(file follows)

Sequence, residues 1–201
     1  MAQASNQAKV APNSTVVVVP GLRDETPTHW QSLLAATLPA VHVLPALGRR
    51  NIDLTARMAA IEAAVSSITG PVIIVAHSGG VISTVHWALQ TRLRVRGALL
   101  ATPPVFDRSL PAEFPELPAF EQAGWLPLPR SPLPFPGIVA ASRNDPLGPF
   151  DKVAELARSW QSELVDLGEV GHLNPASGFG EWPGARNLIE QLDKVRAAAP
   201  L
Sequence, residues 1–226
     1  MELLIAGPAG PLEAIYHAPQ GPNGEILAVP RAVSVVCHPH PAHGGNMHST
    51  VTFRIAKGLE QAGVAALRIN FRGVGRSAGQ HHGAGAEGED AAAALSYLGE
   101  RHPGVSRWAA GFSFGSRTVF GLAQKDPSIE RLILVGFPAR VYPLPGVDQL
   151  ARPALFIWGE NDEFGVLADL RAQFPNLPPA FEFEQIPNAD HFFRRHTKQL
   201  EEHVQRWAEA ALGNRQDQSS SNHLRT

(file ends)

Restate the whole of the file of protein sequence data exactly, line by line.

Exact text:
Sequence, residues 1–201
     1  MAQASNQAKV APNSTVVVVP GLRDETPTHW QSLLAATLPA VHVLPALGRR
    51  NIDLTARMAA IEAAVSSITG PVIIVAHSGG VISTVHWALQ TRLRVRGALL
   101  ATPPVFDRSL PAEFPELPAF EQAGWLPLPR SPLPFPGIVA ASRNDPLGPF
   151  DKVAELARSW QSELVDLGEV GHLNPASGFG EWPGARNLIE QLDKVRAAAP
   201  L
Sequence, residues 1–226
     1  MELLIAGPAG PLEAIYHAPQ GPNGEILAVP RAVSVVCHPH PAHGGNMHST
    51  VTFRIAKGLE QAGVAALRIN FRGVGRSAGQ HHGAGAEGED AAAALSYLGE
   101  RHPGVSRWAA GFSFGSRTVF GLAQKDPSIE RLILVGFPAR VYPLPGVDQL
   151  ARPALFIWGE NDEFGVLADL RAQFPNLPPA FEFEQIPNAD HFFRRHTKQL
   201  EEHVQRWAEA ALGNRQDQSS SNHLRT